You have true empathy. That is both absent and abolished under the present administration of OC and replace with selective malice. Everything now is distilled into friend or foe.

    Silvertree in reply to counsel4pay. | June 11, 2019 at 3:10 pm

    If you watch the police body-cam footage on youtube, you can see how Mr. David Gibson is standing there almost pleading among the wine bottles and everything all strewn about, asking the policeman to please take fingerprints from the bottles. Already he has heard the students’ spin on events, and stands there helplessly, saying, “They’re going to trash us.” It is a heartbreaking scene. He has just watched his son being beaten by multiple assailants, including, he says, a young man who kicked his son again and again but who got away (this person, also African-American, has apparently never been named). Then you see his father, the ancient Mr. Allyn W. Gibson, come in carefully, moving slowly with his walker, not knowing yet what has all occurred, with his sweet polite smile for the officer and wondering. As the officer leaves you see the elderly man making his way slowly down the aisle of the trashed store that has been his life’s cherished work. Absolutely heartbreaking.

      SNAB in reply to Silvertree. | June 11, 2019 at 5:02 pm

      I stopped at Gibsons last November on a road trip. I graduated in 1982 and also remember the senior Mr. Gibson as the nicest, most fatherly man. So last November,my husband and I, both of us OC graduates, stopped to show our respect for and support of the bakery. And our Mr. Gibson, Allyn W. Gibson, was there and I had the privilege of giving him a warm embrace and telling him that I was ashamed of the college. I have been wishing for the college to go out of business after this flagrant malevolence. We also bought the greatest apple fritter.

For Whom the bell tolls,
It tolls for thee

John Donne

Perhaps the plaintiffs need to call Oberlin’s general counsel as a witness and ask her explain what evidence she based her astonishing email on–what evidence did they have that Dean Raimondo was trying to quell the distrubance? If they had any, wouldn’t they have introduced that at trial? I didn’t see evidence of that–all I saw was a witness quibbling over the definition of support.

    Tom Servo in reply to rochf. | June 11, 2019 at 2:34 pm

    Well the evidence is obvious – Dean Raimondo Sez So, and if you say different you be’s RAYCISS!!!

    Gremlin1974 in reply to rochf. | June 11, 2019 at 3:32 pm

    Sounds like they tried and the judge said no.

    artichoke in reply to rochf. | June 11, 2019 at 3:46 pm

    I’d guess that would be out of bounds because she hasn’t been shown to have knowledge about the facts that the judge has ruled relevant to the case.

    Nice thought though.

      MajorWood in reply to artichoke. | June 11, 2019 at 8:02 pm

      Wait. Doesn’t she have a bunch of clear evidence though? In my perfect world, have the plaintiffs try to get her as a witness and the letter submittable as evidence, and then use neither at this point. Get the punitive damages with what you have, and I believe they have enough, and then keep these little pieces of low hanging fruit dangling in the breeze if needed for later.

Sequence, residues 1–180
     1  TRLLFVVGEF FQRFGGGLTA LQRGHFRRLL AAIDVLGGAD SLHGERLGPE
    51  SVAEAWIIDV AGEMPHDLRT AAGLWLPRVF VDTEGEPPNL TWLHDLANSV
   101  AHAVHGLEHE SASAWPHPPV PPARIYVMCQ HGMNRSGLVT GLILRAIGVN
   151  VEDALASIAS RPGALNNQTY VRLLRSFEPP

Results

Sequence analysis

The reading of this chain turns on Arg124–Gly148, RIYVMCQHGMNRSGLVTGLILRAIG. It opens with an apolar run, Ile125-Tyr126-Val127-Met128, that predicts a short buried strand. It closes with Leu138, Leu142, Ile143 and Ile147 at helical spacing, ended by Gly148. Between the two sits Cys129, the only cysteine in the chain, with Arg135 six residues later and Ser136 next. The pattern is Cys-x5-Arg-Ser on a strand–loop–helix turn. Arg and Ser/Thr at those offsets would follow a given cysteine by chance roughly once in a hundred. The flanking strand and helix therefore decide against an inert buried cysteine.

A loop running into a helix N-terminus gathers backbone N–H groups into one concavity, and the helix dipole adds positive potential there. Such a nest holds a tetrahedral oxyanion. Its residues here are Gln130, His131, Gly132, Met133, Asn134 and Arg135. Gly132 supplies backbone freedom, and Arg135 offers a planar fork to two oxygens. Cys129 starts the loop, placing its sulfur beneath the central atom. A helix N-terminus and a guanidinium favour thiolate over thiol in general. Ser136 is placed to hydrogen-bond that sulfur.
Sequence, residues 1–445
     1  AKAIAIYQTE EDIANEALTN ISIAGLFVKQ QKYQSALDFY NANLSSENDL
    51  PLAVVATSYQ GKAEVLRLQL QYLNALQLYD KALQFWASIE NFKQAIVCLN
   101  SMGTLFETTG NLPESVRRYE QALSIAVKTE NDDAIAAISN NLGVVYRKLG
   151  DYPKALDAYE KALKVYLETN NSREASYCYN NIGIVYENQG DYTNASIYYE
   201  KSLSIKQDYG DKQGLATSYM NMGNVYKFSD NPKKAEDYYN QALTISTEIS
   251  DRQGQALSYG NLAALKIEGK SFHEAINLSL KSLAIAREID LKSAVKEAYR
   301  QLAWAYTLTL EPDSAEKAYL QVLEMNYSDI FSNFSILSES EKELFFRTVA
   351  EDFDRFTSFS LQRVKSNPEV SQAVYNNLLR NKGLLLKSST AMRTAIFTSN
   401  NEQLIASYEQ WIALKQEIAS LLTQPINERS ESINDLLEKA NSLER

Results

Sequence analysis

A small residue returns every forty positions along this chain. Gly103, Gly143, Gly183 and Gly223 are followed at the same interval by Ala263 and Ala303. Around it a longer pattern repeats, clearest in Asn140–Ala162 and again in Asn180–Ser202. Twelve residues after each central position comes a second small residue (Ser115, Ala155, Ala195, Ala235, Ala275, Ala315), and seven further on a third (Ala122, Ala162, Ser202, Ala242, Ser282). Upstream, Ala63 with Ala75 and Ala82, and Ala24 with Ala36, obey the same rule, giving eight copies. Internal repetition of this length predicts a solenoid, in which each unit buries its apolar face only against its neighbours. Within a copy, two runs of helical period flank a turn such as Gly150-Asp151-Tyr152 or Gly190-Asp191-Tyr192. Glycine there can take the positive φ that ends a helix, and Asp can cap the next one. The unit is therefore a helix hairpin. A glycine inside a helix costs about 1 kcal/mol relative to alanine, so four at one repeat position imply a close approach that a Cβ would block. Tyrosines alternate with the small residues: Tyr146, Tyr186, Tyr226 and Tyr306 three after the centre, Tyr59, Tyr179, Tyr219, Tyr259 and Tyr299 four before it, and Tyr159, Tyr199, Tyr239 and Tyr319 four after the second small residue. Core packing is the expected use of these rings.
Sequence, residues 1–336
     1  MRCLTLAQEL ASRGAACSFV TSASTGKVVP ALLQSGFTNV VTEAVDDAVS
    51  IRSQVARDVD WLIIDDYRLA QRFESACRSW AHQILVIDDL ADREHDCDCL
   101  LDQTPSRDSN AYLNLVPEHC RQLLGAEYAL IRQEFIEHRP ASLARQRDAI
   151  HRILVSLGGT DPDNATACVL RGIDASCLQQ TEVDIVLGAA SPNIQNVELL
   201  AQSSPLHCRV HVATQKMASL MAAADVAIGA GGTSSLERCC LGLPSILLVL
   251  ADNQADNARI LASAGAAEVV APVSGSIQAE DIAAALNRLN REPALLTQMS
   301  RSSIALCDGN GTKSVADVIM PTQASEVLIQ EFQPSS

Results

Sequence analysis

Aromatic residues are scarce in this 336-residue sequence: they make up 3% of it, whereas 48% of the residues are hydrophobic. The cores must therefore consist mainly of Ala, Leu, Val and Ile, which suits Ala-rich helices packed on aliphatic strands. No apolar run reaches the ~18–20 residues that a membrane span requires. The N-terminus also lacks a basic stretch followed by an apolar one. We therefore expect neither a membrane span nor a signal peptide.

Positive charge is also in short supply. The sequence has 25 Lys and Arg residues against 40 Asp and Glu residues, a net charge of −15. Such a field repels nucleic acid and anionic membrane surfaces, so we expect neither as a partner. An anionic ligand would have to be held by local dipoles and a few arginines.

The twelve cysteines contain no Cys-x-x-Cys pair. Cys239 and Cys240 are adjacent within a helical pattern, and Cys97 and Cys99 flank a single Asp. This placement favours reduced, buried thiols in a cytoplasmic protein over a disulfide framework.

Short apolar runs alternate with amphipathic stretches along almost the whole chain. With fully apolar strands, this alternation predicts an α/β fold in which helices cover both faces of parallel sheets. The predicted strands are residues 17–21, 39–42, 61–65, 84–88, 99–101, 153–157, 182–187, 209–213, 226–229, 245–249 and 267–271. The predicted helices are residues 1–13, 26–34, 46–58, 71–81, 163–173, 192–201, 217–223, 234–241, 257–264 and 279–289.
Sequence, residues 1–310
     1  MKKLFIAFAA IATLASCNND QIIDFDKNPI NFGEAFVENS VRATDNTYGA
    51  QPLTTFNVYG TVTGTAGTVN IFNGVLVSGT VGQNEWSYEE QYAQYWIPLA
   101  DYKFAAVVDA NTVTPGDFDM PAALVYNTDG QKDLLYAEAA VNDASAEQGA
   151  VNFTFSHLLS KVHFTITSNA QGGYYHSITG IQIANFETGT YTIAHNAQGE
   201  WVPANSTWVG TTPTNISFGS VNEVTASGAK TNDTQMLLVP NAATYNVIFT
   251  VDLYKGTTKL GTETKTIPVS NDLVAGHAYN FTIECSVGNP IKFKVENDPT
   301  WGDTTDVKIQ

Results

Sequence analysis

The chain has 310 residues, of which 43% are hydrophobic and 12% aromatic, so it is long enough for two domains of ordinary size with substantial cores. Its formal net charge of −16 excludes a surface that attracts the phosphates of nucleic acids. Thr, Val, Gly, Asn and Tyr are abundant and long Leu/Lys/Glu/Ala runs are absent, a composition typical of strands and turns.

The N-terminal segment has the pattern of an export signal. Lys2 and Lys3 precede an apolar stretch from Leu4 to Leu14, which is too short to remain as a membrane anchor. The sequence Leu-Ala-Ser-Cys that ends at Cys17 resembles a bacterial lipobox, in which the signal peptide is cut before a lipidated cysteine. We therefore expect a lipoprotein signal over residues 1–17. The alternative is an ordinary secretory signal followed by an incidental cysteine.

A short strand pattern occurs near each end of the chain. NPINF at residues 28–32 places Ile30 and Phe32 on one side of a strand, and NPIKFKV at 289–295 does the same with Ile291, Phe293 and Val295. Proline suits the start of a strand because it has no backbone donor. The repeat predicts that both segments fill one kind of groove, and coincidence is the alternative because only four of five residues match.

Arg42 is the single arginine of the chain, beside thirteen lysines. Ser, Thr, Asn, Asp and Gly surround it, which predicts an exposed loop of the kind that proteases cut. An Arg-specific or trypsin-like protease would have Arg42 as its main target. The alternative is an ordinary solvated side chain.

Don’t worry folks, this trial may be winding down but get ready for Oberlin in the Courtroom Season Two: Meredith vs the White Male Rapists

Your favorite dean Meredith Raimondo returns as Title IX coordinator, this time trying desperately to protect the innocent women of Oberlin from the evil oppression of the drunk college male patriarchy. Because all men are guilty until proven innocent. And even then, most are still guilty.

I say bring back the same jury and let them go another round

https://www.scribd.com/document/367924490/John-Doe-v-Oberlin-Complaint

https://www.thecollegefix.com/oberlin-tries-to-get-gender-bias-lawsuit-dismissed-bizarrely-by-noting-title-ix-officials-bias/

      slither in reply to swtx. | June 11, 2019 at 3:36 pm

      I suspect that one of the reasons that Oberlin has been so sure-of-itself during the whole Gibson case is the fact that they got away with their Title IX procedures judging every male as guilty.

      artichoke in reply to swtx. | June 11, 2019 at 3:44 pm

      That’s awful. This nonsense is so common I don’t remember the case, but I vaguely remember the thread so I must have seen it.

      Men should go to all-male colleges. Oh wait, they got rid of those. Now it’s all coed, except there’s also all-female.

      rochf in reply to swtx. | June 11, 2019 at 4:53 pm

      Why is Raimondo still employed at Oberlin, or anywhere, for that matter?

        Tom Servo in reply to rochf. | June 11, 2019 at 6:03 pm

        Because her bosses think exactly like she does, and she is doing everything exactly the way they want it done.

        Ideological Purity is more important than Success.

          MajorWood in reply to Tom Servo. | June 11, 2019 at 8:07 pm

          And this is also where “time wounds all heels” will come into play. If nothing happens to the Oberlin administration over this, they will do it again. And each time it will get worse. Show me someone whose lawyer got them off a DUI charge and I’ll show you someone who is likely to do much worse down the road. I wonder how many times Joe got Teddy off the hook before he tried to cross that bridge.